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Brian Shivers outside Antrim Courthouse last month. Niall Carson/PA Wire/Press Association Images
Massereene

Shivers appeals against conviction for Massereene murders

The Derryman was convicted of the murder of two British soldiers and was sentenced to a minimum of 25 years in prison last week.

THE MAN CONVICTED of murdering two British soldiers outside an army barracks in Antrim nearly three years ago has begun an appeal against his life sentence.

Shivers, who is terminally, ill was convicted last month of the murder of 23-year-old Mark Quinsey and 21-year-old Patrick Azmikar. The pair were shot dead as they collected pizza outside the Massereene barracks in Co Antrim on 7 March 2009.

The 46-year-old’s legal team claims he was wrongly punished and are demanding an urgent hearing due to his severe medical condition, BBC News reports.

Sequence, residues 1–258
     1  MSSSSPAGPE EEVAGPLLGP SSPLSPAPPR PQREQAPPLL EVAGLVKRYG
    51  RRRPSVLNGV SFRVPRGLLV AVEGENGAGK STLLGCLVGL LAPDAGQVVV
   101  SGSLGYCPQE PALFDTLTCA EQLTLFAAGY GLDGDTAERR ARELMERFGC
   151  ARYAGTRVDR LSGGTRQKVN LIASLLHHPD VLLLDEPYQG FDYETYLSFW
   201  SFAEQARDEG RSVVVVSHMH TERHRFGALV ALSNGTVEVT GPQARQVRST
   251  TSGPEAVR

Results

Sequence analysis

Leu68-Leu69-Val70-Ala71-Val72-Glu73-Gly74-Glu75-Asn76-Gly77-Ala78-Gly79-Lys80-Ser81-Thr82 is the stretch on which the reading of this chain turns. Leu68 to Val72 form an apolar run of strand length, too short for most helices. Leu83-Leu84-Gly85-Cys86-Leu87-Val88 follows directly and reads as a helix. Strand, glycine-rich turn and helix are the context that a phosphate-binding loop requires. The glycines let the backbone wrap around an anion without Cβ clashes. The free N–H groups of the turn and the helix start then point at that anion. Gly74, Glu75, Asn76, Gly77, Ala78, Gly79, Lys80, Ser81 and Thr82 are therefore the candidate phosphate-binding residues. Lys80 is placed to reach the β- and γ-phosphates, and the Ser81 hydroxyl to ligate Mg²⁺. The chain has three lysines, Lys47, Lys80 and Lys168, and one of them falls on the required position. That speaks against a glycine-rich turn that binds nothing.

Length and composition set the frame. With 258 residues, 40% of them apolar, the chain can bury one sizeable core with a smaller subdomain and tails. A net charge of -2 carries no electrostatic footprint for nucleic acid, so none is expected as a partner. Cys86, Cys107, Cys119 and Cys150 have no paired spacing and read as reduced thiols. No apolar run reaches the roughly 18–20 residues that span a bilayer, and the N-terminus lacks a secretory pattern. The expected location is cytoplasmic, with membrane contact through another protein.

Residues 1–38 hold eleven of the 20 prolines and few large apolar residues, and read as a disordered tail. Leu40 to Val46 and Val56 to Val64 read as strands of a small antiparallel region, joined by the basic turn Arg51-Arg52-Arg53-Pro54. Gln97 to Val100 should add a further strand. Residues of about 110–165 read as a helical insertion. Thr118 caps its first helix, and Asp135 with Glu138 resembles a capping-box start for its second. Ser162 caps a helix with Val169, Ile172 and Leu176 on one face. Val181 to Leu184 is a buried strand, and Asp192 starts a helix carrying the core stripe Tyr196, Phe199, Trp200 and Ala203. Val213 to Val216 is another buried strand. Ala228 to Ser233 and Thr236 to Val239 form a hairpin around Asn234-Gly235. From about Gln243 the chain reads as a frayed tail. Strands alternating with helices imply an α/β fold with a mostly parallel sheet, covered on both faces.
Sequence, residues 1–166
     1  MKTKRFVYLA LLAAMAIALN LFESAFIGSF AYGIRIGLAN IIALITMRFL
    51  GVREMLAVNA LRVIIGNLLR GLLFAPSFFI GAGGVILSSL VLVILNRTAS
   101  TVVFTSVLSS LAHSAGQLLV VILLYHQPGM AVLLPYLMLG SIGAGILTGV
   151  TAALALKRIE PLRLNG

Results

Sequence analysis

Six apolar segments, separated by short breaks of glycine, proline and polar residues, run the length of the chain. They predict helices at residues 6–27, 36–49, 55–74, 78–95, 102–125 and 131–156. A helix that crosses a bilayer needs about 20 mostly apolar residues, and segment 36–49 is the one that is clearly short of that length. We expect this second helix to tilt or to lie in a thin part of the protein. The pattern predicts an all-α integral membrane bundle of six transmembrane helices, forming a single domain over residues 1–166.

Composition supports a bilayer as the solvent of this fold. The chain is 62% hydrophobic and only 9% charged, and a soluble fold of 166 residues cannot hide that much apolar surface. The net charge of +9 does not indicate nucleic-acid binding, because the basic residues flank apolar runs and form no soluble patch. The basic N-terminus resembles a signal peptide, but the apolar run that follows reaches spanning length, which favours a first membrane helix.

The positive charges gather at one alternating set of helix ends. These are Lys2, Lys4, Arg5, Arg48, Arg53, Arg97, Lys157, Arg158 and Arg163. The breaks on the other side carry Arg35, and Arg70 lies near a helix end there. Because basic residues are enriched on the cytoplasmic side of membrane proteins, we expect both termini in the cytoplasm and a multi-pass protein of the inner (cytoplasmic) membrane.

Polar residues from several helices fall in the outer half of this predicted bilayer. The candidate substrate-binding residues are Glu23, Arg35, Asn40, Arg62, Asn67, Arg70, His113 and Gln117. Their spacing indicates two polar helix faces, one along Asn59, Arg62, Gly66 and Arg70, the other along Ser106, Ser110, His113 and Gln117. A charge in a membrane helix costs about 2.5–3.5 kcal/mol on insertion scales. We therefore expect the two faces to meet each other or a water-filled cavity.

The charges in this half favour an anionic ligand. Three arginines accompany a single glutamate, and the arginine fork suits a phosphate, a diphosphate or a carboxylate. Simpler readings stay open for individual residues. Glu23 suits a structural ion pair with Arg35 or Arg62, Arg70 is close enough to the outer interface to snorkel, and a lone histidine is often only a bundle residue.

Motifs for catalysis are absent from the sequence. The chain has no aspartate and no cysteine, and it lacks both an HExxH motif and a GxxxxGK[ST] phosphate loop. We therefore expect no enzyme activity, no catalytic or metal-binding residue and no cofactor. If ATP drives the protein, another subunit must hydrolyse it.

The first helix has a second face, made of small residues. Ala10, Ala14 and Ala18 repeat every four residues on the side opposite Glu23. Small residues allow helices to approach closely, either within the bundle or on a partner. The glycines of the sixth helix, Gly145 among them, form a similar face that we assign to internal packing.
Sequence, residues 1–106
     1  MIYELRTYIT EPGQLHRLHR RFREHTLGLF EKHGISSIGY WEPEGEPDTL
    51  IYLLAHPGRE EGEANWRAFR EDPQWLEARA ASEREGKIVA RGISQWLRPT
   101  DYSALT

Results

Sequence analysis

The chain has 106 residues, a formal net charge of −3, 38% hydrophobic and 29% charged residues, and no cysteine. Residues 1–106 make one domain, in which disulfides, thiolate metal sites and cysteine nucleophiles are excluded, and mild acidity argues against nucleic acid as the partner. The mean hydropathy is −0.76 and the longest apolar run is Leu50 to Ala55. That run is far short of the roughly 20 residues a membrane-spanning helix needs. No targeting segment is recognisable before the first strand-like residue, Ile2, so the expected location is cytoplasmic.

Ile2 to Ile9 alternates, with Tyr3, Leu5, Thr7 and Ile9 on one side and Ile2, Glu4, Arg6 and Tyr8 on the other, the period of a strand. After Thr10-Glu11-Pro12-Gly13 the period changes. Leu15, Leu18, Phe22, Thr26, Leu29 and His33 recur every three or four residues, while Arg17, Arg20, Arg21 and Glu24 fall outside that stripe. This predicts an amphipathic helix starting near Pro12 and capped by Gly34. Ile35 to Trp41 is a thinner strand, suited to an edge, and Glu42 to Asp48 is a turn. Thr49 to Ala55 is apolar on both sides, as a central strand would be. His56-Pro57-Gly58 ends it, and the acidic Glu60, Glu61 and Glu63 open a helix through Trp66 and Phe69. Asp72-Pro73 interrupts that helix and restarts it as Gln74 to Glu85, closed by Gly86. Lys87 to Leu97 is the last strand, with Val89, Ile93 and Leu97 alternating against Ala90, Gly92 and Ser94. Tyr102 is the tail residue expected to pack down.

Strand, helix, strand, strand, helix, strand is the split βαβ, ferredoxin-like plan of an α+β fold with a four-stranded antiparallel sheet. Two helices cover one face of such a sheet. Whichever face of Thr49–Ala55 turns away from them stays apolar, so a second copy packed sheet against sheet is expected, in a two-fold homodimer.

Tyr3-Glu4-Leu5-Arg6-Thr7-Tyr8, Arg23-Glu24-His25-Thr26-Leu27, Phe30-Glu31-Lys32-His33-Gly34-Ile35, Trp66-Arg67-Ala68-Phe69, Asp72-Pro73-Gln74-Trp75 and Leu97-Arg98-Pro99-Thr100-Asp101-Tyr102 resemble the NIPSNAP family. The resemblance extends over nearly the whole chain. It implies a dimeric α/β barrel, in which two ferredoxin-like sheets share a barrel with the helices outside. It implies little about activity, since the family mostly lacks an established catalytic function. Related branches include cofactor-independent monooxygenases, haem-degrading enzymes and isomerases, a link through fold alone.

Shivers has cystic fibrosis and doctors told the court in Antrim last week that they believed he had only four or five years to live. From Magherafelt in Derry, he was ordered to serve a minimum of 25 years in prison after being convicted of the two murders.

He was also found guilty of six counts of attempted murder and one of possession of two firearms and ammunition with intent to endanger life.

In sentencing Judge Anthony Hart said that Shivers had played a “a prominent and essential role” in the crime. His co-accused Colin Duffy, 44, was acquitted of all charges including the two murders.

Brian Shivers found guilty of murder of British soldiers

Brian Shivers gets 25 years for murder of British soldiers

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